[CrossRef]

V. Magni, G. Valentini, S. De Silvestri, “Recent developments in laser resonator design,” Opt. Quantum Electron. 23, 1105–1134 (1991).
[CrossRef]

DeShazer, L. G.

D. P. Devor, L. G. DeShazer, R. C. Pastor, “Nd:YAG quantum efficiency and related radiative properties,” IEEE J. Quantum Electron. QE-25, 1863–1873 (1989).
[CrossRef]

D. P. Devor, L. G. DeShazer, “Evidence of Nd:YAG quantum efficiency dependence on nonequivalent crystal field effects,” Opt. Commun. 46, 97–102 (1983).
[CrossRef]

Devor, D. P.

D. P. Devor, L. G. DeShazer, R. C. Pastor, “Nd:YAG quantum efficiency and related radiative properties,” IEEE J. Quantum Electron. QE-25, 1863–1873 (1989).
[CrossRef]

D. P. Devor, L. G. DeShazer, “Evidence of Nd:YAG quantum efficiency dependence on nonequivalent crystal field effects,” Opt. Commun. 46, 97–102 (1983).
[CrossRef]

Eckardt, R. C.

Georgescu, S.

V. Lupei, A. Lupei, S. Georgescu, C. Ionescu, “Energy transfer between Nd3+ ions in YAG,” Opt. Commun. 60, 59–63 (1986).
[CrossRef]

Herziger, G.

J. P. Lortscher, J. Steffen, G. Herziger, “Dynamic stable resonators: a design procedure,” Opt. Quantum Electron. 7, 505–514 (1975).
[CrossRef]

Hodgson, N.

N. Hodgson, C. Rahlff, H. Weber, “Dependence of the refractive power of Nd:YAG rods on the intracavity intensity,” Opt. Laser Technol. 25, 179–185 (1993).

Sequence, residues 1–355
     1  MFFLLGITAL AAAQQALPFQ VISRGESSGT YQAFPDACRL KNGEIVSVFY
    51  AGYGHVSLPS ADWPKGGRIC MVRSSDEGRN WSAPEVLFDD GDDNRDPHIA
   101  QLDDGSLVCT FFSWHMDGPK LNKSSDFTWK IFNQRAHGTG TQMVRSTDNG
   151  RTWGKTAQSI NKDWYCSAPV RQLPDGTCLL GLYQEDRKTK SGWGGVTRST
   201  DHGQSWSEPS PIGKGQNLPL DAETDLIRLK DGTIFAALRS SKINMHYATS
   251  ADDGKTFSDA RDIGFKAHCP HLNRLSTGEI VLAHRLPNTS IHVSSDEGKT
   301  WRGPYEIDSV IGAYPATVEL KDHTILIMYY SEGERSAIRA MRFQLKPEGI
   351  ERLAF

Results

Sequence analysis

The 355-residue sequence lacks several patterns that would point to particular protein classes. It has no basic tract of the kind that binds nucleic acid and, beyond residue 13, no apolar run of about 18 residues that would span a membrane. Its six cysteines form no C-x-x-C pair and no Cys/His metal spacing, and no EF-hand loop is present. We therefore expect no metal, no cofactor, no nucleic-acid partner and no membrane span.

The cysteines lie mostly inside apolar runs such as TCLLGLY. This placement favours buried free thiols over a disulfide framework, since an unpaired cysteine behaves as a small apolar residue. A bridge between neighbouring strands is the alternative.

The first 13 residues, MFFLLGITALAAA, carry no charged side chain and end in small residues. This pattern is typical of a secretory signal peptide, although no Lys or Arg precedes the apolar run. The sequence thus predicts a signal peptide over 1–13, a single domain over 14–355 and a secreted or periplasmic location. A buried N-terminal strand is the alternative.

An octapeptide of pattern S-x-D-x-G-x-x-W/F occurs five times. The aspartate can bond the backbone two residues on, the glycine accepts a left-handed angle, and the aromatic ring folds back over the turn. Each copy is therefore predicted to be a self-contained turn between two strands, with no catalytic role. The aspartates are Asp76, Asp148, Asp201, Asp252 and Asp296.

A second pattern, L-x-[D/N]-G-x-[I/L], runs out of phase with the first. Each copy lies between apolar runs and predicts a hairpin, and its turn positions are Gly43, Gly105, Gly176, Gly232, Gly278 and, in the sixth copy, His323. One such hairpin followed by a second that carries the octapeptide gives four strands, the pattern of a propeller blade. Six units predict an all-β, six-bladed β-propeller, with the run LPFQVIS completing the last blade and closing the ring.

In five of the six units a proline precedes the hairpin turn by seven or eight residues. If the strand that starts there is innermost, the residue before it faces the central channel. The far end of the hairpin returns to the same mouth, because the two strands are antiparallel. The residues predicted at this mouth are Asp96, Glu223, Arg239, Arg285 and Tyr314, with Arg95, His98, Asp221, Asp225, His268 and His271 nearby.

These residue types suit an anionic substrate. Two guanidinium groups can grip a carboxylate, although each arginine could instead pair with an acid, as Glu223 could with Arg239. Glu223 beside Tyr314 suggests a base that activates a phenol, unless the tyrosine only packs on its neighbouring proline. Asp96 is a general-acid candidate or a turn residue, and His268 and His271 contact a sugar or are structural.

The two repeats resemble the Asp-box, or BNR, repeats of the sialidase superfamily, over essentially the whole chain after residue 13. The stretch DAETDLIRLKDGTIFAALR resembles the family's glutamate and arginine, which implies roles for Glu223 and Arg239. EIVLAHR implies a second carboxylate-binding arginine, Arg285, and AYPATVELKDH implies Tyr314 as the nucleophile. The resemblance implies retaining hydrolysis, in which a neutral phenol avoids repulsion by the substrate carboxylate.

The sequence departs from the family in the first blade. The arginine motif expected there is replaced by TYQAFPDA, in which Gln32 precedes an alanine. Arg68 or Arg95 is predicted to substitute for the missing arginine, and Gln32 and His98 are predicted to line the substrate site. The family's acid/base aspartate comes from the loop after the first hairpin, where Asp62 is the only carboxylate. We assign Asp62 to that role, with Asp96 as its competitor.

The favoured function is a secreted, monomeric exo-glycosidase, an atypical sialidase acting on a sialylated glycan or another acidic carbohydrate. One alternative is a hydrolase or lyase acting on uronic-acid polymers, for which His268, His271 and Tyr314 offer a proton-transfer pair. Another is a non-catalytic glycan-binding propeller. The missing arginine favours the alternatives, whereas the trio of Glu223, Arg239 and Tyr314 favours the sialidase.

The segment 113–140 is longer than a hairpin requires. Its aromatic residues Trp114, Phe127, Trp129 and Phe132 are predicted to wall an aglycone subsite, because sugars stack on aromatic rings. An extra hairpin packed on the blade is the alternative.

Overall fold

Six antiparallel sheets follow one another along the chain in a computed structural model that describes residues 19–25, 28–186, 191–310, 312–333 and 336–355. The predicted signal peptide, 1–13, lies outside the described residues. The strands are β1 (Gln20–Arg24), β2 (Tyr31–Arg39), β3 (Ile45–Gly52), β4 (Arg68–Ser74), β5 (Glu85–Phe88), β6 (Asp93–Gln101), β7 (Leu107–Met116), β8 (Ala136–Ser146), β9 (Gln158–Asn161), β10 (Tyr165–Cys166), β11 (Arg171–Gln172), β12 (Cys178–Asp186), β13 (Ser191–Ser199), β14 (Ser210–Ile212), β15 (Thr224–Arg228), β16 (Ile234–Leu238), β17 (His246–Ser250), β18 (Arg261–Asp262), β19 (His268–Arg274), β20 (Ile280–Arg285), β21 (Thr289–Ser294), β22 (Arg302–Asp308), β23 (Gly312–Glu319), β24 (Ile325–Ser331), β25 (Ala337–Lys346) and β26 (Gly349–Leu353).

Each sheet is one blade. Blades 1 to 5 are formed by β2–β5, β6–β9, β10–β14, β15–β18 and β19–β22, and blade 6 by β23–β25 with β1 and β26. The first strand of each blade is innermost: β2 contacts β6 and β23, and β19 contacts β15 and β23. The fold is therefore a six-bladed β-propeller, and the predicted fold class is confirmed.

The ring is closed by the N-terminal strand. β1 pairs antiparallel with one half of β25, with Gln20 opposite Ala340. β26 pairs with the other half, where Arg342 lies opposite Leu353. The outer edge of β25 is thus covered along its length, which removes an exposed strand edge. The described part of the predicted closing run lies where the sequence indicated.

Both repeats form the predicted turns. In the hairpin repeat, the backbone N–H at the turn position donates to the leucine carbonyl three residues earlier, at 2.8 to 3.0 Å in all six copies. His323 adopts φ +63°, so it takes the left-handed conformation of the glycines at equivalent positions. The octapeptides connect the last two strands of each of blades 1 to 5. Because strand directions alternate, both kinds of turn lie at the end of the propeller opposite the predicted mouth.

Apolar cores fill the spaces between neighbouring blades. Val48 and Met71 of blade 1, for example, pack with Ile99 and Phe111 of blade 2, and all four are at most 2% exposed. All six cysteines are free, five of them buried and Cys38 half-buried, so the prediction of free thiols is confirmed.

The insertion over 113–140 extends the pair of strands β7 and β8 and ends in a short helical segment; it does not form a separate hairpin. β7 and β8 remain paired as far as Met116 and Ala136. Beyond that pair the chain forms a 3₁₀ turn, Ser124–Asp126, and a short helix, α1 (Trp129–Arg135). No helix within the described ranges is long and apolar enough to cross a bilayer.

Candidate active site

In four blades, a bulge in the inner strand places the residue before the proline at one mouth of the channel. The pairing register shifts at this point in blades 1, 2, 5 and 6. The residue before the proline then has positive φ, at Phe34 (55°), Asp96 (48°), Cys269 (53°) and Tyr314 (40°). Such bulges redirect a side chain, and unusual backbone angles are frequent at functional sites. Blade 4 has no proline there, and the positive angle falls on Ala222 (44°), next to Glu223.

[CrossRef]

N. Hodgson, H. Weber, “High power solid-state lasers with unstable resonators,” Opt. Quantum Electron. 22, S39–S55 (1990).
[CrossRef]

Ionescu, C.

V. Lupei, A. Lupei, S. Georgescu, C. Ionescu, “Energy transfer between Nd3+ ions in YAG,” Opt. Commun. 60, 59–63 (1986).
[CrossRef]

Koechner, W.

W. Koechner, “Thermal lensing in a Nd:YAG rod,” Appl. Opt. 9, 2548–2553 (1970).
[CrossRef] [PubMed]

W. Koechner, Solid State Laser Engineering, 3rd ed. (Springer-Verlag, Berlin, 1992), Chap. 7.

Kogelnik, H.

Li, T.

Lortscher, J. P.

J. P. Lortscher, J. Steffen, G. Herziger, “Dynamic stable resonators: a design procedure,” Opt. Quantum Electron. 7, 505–514 (1975).
[CrossRef]

Lupei, A.

V. Lupei, A. Lupei, S. Georgescu, C. Ionescu, “Energy transfer between Nd3+ ions in YAG,” Opt. Commun. 60, 59–63 (1986).
[CrossRef]

Lupei, V.

V. Lupei, A. Lupei, S. Georgescu, C. Ionescu, “Energy transfer between Nd3+ ions in YAG,” Opt. Commun. 60, 59–63 (1986).
[CrossRef]

Magni, V.

G. Cerullo, S. De Silvestri, V. Magni, O. Svelto, “Output limitations in CW single transverse mode Nd:YAG lasers with a rod of large cross section,” Opt. Quantum Electron. 25, 489–500 (1993).
[CrossRef]

V. Magni, G. Valentini, S. De Silvestri, “Recent developments in laser resonator design,” Opt. Quantum Electron. 23, 1105–1134 (1991).
[CrossRef]

V. Magni, “Multielement stable resonators containing a variable lens,” J. Opt. Soc. Am. A 4, 1962–1969 (1987).